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Spay 10 year old dog?

Species: Dog
Breed: Belgian tervuren
Age: 8-11 years

I adopted a Belgian tervuren 10 months ago. She was already
10 years old, so after much consideration, I decided to leave her intact, as I felt at this point spaying would be too much for her; and she was pretty emaciated when I got her.

Anyway, she is extremely healthy now, and my question is,
Is it very hard on the female not to get pregnant.? Have a male, I mean, attach. Does the female get sexually frustrated if no mating occurs. is she depressed? She was not really acting too much different, 7 months ago when she had her heat.
(this was 2 months after I got her, and the first heat she had with me. She was still not totally up to her proper weight). This is her 2nd heat since I got her and she is so much stronger and healthier now. She is really showing signs of wanting to breed. Lots and Lots of flagging. She is quiet and moody, not as much "with it" as normal. So that is my question, basically is it very stressful for her to keep going through this? I have never had an intact dog , so I just do not know a real lot about this--. I look forward to hearing back from you, and I hope you can answer fairly soon. Thank you so much. Diane Widdifield

Online vet, Dr. Marie

Dr. Marie replied:

Interesting question! I don't know that anyone can answer this question with certainty. But, I do believe that it is frustrating for a female to be in heat and not breed. With that being said, letting her breed would obviously not be a good thing. We wouldn't want her to get pregnant at 10 years of age.

Should a 10 year old dog be spayed? This is a tough decision. There are pros and cons. There still is some benefit to getting her spayed. Each time she goes through a heat and does not get pregnant she is at risk for developing something called a pyometra. This is an infection in the uterus that is really serious. If this happens then surgery is needed and this surgery is much more expensive and complicated than a regular spay. The risk of pyometra is much larger with an older dog.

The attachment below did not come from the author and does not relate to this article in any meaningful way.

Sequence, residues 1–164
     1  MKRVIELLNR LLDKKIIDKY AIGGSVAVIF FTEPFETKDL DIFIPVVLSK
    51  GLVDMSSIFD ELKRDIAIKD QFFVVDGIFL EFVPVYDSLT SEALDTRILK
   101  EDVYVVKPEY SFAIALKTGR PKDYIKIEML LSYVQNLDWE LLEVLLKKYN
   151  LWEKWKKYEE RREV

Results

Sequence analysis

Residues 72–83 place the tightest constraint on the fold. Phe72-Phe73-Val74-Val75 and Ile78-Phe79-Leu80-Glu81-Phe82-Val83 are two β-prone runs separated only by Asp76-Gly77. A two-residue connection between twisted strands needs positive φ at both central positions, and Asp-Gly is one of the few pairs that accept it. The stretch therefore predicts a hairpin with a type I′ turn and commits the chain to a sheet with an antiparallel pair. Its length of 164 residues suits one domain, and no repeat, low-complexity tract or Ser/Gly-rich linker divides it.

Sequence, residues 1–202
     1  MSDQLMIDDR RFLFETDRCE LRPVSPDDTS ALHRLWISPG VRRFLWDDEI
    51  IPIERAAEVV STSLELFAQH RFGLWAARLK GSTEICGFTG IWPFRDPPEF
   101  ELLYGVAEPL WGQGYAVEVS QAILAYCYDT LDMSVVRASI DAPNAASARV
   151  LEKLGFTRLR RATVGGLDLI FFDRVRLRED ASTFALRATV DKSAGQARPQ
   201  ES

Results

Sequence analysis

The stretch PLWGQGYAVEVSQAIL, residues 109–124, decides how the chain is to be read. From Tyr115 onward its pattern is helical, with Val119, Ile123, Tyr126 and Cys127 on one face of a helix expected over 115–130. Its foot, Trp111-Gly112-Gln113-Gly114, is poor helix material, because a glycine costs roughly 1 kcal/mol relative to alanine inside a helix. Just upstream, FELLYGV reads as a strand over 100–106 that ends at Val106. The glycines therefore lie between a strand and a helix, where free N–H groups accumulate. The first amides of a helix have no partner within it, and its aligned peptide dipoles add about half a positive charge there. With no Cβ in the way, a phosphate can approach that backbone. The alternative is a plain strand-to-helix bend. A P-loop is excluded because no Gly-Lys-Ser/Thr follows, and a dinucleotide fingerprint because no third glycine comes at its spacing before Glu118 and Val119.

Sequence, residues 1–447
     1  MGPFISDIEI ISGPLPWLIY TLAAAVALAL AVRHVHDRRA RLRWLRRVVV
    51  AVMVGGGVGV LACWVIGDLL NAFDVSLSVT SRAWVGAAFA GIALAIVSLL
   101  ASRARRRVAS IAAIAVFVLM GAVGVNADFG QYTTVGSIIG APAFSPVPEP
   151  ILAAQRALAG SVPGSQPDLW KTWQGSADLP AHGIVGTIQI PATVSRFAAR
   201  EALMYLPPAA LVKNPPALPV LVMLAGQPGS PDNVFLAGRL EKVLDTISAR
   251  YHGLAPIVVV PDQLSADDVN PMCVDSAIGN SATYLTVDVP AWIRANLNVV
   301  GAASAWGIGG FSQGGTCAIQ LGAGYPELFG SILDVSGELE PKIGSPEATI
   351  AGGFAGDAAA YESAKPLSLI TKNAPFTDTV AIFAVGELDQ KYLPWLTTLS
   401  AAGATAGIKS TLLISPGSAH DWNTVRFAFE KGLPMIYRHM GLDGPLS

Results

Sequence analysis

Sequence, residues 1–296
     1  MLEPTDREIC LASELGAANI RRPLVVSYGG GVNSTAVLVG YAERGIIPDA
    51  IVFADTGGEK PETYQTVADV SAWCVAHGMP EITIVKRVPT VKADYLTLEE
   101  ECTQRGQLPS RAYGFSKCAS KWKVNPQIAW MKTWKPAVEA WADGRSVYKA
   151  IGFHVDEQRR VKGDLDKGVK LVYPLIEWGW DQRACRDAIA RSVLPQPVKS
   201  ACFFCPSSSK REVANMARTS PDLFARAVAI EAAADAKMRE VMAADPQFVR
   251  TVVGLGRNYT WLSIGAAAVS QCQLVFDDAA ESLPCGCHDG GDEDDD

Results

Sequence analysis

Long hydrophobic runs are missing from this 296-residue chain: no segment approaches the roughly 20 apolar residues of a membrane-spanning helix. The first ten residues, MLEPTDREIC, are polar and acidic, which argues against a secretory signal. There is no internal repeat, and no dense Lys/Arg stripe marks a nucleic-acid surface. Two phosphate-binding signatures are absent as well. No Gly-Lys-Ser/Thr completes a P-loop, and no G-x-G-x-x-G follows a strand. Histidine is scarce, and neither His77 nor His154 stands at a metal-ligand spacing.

The decision on whether or not to spay is one that you should probably discuss with your vet. If your dog is healthy and has normal bloodwork then in my opinion, spaying her is a good idea. Dogs recover very quickly from a spay surgery, even if they are older, provided they are in good health.

It's not an easy decision but I would definitely lean towards having her spayed.

Dr. Marie.

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Disclaimer: Although Dr. Marie is a qualified veterinarian, the information found on this site is not meant to replace the advice of your own veterinarian. and Dr. Marie do not accept any responsibility for any loss, damage, injury, death, or disease which may arise from reliance on information contained on this site. Do not use information found on this site for diagnosing or treating your pet. Anything you read here is for information only.

Customer reply:

Thank you for answering my question. I thought I would ask you first. Would you mind answering a further question, regarding my decision of not having her spayed.

Online vet, Dr. Marie

Dr. Marie replied:

Go apologies for the delay. I'm on vacation with my family and only checking in online occasionally.

Customer reply:

Thank you. I just thought another opinion on all I am going to say would help. Thank you so much again.

When I adopted Bailee,
l Thought long and hard, and did a real lot of reading on making this decision to have her spayed or not at this point in her life. I just concluded that at her age it would not be right to take her organs away after she has gone this long with them, and she is so so strong in body, now that I had brought her back to her proper weight and health. But I still was not completely sure I had made the right decision. Then she went into heat, for the first time that I had her. So it was sort of like she made the decision for me, at that point. Also it did seem to make her stronger, like I have read. Believe me, I went back and forth a real lot, on the decision to have her spayed her or not; and I feel I was pretty well informed on the pros and cons.